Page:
The RRM domain is thought to be one of the most abundant globular protein domains in eukaryotes [8]. To our surprise, among over 115,000 protein structures deposited in the RCSB PDB, only about 340 structures of RRM domains can be found. Among them, more than 200 were resolved by NMR and about 140 by X-ray crystallography, and almost 50% of the RRM structures became known only during the last 5 y. This brief statistic reflects the dynamic structural character of this protein domain that can lead to difficulties in crystallization of these proteins. A canonical RNA recognition motif (RRM) is defined by two conserved ribonucleoprotein motifs (RNPs) within an ~80 amino acid long fold consisting of a four-stranded antiparallel β-sheet supported by two α-helices, arranged in the order of β1α1β2β3α2β4 [8, 9, 10] (Figure 1a). Usually, the β3 (RNP1) and β1 (RNP2) strands contain conserved aromatic residues that make direct contact to the RNA chain. Interesting exceptions among RRMs are related to the mRNA 5′ cap interacting proteins, i.e., the nuclear cap-binding complex (CBC) [13] and poly(A)-specific ribonuclease (PARN) [14]. The CBC RRM called CBP20 binds the 5’ terminus of the polymerase II transcripts chain via Tyr43 residue located at β1 in the opposite direction than other RNA-interacting RRMs [15, 16, 17], whereas the PARN RRM binds to the mRNA 5′ cap via Trp475 located entirely at its outer surface [18, 19, 20].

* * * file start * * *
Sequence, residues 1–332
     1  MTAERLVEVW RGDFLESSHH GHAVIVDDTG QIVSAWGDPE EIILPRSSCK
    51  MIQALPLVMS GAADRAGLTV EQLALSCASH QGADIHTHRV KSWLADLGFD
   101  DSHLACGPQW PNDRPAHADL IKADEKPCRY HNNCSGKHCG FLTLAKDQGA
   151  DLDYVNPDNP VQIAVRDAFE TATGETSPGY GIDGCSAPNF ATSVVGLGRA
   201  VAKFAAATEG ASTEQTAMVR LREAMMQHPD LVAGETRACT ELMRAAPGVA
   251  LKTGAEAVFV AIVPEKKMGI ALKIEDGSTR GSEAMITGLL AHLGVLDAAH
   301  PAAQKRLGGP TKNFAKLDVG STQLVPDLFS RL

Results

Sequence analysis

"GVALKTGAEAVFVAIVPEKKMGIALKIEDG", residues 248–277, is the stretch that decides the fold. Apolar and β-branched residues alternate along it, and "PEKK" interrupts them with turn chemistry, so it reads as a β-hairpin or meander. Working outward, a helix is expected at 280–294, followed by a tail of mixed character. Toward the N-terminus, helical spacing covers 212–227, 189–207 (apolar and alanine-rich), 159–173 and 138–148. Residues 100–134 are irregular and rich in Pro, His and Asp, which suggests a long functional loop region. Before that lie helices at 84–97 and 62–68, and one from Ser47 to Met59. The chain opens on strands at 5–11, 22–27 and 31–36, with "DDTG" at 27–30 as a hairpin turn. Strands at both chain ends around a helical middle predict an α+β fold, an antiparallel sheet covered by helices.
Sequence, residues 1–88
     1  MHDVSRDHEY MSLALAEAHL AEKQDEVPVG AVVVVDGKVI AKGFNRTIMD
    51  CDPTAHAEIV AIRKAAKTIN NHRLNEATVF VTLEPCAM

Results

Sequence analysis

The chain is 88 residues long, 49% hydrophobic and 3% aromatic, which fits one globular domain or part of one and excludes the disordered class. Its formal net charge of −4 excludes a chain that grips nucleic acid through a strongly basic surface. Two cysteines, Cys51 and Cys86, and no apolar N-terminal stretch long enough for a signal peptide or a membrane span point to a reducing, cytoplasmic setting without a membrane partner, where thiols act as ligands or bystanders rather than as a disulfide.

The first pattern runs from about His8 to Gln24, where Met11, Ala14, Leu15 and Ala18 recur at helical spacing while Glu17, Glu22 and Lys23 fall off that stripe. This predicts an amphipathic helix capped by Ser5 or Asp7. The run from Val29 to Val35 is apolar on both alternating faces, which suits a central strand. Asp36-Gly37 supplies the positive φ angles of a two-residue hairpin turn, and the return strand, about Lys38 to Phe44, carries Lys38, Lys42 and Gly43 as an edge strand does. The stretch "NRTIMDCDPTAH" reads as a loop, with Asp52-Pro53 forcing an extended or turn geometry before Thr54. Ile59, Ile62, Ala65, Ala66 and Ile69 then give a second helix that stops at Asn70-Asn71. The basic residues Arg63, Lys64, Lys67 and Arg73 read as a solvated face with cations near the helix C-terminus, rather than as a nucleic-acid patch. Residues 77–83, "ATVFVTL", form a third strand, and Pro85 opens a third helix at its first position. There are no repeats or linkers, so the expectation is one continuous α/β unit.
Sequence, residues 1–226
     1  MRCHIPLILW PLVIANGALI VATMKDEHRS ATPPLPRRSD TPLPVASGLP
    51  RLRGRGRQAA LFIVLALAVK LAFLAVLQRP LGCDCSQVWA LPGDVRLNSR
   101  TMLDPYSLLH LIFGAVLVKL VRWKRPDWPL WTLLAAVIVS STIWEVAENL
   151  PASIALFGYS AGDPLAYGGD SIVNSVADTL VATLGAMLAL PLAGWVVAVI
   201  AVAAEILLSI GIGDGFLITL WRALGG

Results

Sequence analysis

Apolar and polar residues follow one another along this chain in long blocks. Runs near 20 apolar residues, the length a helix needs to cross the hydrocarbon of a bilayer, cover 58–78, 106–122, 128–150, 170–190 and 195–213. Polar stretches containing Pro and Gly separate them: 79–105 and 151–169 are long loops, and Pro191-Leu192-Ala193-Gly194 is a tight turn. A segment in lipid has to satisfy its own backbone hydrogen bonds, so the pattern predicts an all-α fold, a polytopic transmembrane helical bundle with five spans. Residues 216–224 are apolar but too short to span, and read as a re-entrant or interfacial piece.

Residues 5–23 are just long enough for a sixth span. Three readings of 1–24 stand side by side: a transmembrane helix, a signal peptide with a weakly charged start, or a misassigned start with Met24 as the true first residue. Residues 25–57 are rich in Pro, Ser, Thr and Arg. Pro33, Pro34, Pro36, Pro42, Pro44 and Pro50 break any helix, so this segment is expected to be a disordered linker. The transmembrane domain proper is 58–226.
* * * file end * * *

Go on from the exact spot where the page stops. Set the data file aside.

Figure 1

(a) Sequence alignments of the RRM domains of different GW182 isoforms from human, mouse, and Drosophila melanogaster. Secondary structural elements are marked as color blocks corresponding to the α-helices and β-sheets shown in (c); (b) schematic representation of human GW182 (TNRC6C): an Ago-binding domain, a ubiquitin associated domain (UBA), a glutamine-rich (Q-rich) region, and the silencing domain (SD). SD contains a CCR4-NOT interacting motif (CIM1) [11], a PABP-interacting motif (PAM2), and RRM; (c) predicted human GW182 RRM structure shown as a ribbon colored according to the secondary structural elements shown in Figure (a), aligned with the NMR D. melanogaster RRM structure (grey) [12]; (d) disorder tendency of the human GW182 silencing domain (SD; residues 1260-1620); CIM1 is marked in mint, PAM2 in dark gold, RRM in light grey